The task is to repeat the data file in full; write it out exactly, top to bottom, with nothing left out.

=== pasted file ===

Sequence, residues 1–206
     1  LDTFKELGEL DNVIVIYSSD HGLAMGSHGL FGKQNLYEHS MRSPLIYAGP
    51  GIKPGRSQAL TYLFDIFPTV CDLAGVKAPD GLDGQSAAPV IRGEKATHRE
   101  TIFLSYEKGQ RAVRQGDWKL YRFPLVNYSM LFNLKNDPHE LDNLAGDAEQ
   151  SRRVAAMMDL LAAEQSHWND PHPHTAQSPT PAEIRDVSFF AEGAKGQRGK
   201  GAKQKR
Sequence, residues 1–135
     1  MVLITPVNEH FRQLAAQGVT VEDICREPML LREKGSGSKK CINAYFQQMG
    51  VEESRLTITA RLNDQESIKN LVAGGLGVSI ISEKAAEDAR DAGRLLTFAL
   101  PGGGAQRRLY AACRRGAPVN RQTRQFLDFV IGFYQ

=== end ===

Sequence, residues 1–206
     1  LDTFKELGEL DNVIVIYSSD HGLAMGSHGL FGKQNLYEHS MRSPLIYAGP
    51  GIKPGRSQAL TYLFDIFPTV CDLAGVKAPD GLDGQSAAPV IRGEKATHRE
   101  TIFLSYEKGQ RAVRQGDWKL YRFPLVNYSM LFNLKNDPHE LDNLAGDAEQ
   151  SRRVAAMMDL LAAEQSHWND PHPHTAQSPT PAEIRDVSFF AEGAKGQRGK
   201  GAKQKR
Sequence, residues 1–135
     1  MVLITPVNEH FRQLAAQGVT VEDICREPML LREKGSGSKK CINAYFQQMG
    51  VEESRLTITA RLNDQESIKN LVAGGLGVSI ISEKAAEDAR DAGRLLTFAL
   101  PGGGAQRRLY AACRRGAPVN RQTRQFLDFV IGFYQ